Posted in Endometriosis, Exploration, Life, Personal Challenge, Southern California

My Cup Has Runneth Over . . . On My Back: Personal Challenge, Day 22 (10.8.12)

Considering how sore I am from yesterday’s adventure, I decided that I would try something a little less active.  Since I had an appointment scheduled with my amazing acupuncturist, Dawna Ara, I decided that maybe I should try something different.

I first started seeing Dawna after my car accident back in May.  She did a wonderful job assisting with my recovery and healing process.  And even though I am technically done with the therapy on my injuries, I keep going back to see her because I feel so good after an acupuncture session.  She is helping me deal with the stress from my job and the pain from my severe Endometriosis.  So today, I asked her if there was something else that I should try besides the acupuncture.  She mentioned Cupping.

I remember the first time I had ever heard of cupping was from a tabloid story about Gwyneth Paltrow’s spots on her back.  Then it came out that the spots were a result of cupping, a form of acupuncture that involves heated cups over the skin to promote blood flow and ease stress, aches and pains.  Cupping can involve the acupuncture needles but Dawna chooses to just stick with the heated cups.  She isn’t a fan of the more extreme forms of cupping that literally involves blood flowing…into the cups.

According to Acupuncture Today, “cupping is one of the oldest methods of traditional Chinese medicine.”  It is often used to treat congestion, arthritis, pain, depression and to reduce swelling.  The American Cancer Society states that “Cupping is supposed to realign and balance the flow of one’s vital energy or life force called qi or ch’i, pronounced “kee” or “chee.” In the presence of illness or injury, proponents say, the qi is disturbed and there may be too much or too little at certain points in the body. The practitioner diagnoses any imbalances in the qi and attempts to restore them.”  It is also thought that this is an excellent way to remove toxins from the body.  There is no real scientific proof of the benefits of cupping but if the Chinese have been using this for thousands of years, there has to be something working.  For me, as a Libra who seeks balance, how could I possibly resist trying a new method to get rid of the imbalances in my life?

For today, my imbalances lie in my sore muscles and Dawna decided to use the fire cupping technique to treat my condition.  After finishing up my acupuncture, Dawna  applied oils and lotions to my back.  (This is to help move some of the jars up and down my back).  She pulled out several glass jars that looked like mini fish bowls.  She used a swab to apply alcohol to the inside of the glass jars and used the flame from a lighter to ignite the substance, removing the oxygen from the jar.  She quickly placed the heated jar on my back and as it cooled, it created a vacuum that caused my skin to rise up into the jar.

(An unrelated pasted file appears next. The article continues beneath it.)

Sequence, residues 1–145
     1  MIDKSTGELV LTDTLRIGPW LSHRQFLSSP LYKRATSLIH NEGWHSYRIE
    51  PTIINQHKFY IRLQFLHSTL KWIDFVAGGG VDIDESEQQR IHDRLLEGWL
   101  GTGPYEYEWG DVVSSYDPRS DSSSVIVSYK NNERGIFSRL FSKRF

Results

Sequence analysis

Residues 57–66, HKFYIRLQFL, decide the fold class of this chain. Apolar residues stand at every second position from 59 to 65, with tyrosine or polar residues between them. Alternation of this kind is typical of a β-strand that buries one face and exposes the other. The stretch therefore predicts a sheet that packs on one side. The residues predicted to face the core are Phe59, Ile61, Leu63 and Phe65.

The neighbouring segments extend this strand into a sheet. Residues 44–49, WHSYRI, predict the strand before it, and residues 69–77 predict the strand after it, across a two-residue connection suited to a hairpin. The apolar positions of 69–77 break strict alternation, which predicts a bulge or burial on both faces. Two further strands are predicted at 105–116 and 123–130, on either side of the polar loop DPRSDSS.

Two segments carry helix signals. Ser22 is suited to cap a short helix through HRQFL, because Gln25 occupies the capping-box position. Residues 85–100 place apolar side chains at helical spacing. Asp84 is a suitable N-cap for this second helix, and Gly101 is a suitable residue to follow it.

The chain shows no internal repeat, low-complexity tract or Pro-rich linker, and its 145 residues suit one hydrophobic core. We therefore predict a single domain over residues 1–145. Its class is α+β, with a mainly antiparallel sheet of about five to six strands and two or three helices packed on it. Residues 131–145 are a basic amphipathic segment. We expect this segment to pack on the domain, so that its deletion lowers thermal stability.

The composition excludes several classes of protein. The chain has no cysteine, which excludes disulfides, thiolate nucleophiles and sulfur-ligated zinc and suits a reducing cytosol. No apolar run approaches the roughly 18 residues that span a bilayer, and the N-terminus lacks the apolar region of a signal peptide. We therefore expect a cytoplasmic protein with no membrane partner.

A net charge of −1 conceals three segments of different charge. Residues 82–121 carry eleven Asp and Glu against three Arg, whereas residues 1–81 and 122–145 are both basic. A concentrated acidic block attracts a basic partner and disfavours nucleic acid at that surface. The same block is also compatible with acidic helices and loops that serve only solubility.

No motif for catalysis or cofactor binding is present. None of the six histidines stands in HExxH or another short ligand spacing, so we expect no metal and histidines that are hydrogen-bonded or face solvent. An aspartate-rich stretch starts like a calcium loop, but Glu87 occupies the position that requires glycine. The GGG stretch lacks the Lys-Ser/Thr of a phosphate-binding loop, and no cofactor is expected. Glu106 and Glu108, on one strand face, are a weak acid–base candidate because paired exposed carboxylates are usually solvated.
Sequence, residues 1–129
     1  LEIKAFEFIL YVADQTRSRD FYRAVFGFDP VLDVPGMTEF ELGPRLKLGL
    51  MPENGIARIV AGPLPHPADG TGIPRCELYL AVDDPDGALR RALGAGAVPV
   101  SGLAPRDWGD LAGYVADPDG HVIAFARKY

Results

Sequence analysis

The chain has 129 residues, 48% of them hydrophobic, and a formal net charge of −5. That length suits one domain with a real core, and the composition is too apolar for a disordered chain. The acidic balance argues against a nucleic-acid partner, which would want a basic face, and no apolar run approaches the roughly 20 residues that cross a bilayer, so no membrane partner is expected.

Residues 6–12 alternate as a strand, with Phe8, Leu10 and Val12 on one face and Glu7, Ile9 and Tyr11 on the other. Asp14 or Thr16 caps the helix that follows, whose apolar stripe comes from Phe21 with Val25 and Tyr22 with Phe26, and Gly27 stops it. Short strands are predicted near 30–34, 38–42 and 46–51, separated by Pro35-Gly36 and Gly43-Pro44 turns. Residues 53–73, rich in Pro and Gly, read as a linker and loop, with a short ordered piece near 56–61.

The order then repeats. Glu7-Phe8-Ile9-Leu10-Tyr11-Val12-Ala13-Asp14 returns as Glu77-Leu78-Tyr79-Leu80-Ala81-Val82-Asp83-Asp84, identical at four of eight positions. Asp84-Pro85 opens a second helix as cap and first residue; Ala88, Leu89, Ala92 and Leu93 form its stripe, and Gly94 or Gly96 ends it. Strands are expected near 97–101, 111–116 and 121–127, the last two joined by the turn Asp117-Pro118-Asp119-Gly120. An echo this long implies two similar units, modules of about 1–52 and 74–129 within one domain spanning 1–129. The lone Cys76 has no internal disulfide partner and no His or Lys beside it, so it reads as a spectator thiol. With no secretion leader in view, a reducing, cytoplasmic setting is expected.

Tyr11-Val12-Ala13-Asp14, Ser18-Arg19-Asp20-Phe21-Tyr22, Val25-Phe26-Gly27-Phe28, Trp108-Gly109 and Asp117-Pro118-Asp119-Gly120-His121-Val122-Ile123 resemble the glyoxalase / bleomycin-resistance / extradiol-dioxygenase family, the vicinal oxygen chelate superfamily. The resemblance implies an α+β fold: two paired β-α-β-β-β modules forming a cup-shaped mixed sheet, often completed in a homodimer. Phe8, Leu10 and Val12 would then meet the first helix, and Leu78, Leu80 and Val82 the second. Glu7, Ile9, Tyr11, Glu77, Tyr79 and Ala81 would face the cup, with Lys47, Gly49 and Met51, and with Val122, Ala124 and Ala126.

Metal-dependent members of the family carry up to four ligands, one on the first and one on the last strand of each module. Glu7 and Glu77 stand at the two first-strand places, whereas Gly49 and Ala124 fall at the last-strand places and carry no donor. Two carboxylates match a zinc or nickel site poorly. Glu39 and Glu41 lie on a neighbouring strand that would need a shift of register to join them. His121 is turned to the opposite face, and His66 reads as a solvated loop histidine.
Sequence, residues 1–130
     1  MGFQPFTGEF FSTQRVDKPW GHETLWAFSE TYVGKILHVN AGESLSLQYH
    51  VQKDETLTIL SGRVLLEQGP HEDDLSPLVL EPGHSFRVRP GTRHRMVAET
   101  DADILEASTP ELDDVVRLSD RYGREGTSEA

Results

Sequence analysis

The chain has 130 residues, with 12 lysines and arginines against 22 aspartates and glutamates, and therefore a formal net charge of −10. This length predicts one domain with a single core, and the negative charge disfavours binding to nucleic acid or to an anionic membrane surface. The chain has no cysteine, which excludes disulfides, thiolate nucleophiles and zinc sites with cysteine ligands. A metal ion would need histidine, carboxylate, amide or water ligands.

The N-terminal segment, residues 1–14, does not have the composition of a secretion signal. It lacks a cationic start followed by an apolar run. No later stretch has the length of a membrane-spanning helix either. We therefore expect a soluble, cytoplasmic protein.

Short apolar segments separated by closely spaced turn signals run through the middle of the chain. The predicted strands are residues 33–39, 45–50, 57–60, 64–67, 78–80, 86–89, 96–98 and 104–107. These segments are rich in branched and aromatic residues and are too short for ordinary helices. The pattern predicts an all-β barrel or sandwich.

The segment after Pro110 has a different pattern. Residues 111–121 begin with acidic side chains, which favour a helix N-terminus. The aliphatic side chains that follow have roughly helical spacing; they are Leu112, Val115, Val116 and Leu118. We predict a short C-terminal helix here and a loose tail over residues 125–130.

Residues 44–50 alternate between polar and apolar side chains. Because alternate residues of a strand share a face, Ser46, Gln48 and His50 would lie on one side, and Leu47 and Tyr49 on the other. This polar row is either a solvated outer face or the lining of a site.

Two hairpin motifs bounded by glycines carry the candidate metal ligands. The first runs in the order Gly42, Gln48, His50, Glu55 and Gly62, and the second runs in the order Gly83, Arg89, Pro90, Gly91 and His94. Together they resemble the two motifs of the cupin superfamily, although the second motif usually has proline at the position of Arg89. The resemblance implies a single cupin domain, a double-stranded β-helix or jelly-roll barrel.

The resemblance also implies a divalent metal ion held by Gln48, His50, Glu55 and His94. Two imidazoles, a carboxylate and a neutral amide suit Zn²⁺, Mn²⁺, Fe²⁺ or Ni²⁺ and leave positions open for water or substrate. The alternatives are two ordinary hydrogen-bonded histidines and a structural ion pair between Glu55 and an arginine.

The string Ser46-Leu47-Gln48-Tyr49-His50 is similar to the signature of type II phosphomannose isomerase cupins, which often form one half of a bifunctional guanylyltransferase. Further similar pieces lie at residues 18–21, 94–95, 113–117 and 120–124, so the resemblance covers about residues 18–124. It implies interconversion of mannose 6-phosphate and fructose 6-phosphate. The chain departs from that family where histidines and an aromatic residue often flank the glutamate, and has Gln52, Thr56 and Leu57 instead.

My back after cupping

It sounds like it would hurt but it didn’t.  It was an intense feeling but not at all painful.  She placed several jars on my back, some remained stationary while others were moved around my back.  Again, there was nothing painful about this procedure.  I felt like I was getting a deep tissue massage as she moved some of the jars up and down my back.  After a few minutes, I heard the popping noises as she took the jars off my back.  I felt great.

And even though I have red streaks and hickey-type marks on my back, it was totally worth it.  My muscles are relaxed and the majority of the soreness I felt before drifted away into the glass vacuums.  I would definitely do this again.

Posted in Astrology, Exploration, Life, Music, Personal Challenge, Southern California, Spirituality, Tourism, Travel, Universe, Writing

The Teacher Becomes The Student: Personal Challenge, Day 10 (9.26.12)

This morning, while watching the news, I saw a commercial talking about a website called Discover Los Angeles.  I thought this would be a great place to find new ideas for my personal challenge.  And today, my allergies were still acting up so I thought it would be best if I found something indoors.

So I went to the Discover LA website and clicked on their link to “100 Free Things to Do.”  I am a broke teacher who lives paycheck to paycheck (gotta love budget cuts where you are making less money then when you started your job).  There were so many interesting ideas but I thought it would be best, in my current state, to check out the “Free Health and Beauty Things to Do.”  The last item caught my eye, “Get self-centered,” at the Sahaja Yoga Meditation Center.

Unfortunately the link what is disabled but being the tech savvy photo teacher, I just deleted the last part of the web address and was redirected to the Sahaja Yoga Meditation Center home page. 

On the home page, I read the following:

“Sahaja Meditation is a simple yet very powerful technique which brings meaning, balance and gravity into our lives. Everyone can do it! And remember… it’s always free! Your self-realization is your birthright. You should never have to pay for the touch of Divine Love… Sahaja Meditation is a unique method of meditation based on an awakening that can occur within each human being. Through this process an inner transformation takes place by which one becomes moral, united, integrated and balanced. One can actually feel the all pervading divine power as a cool breeze, as described in all religions and spiritual traditions of the world.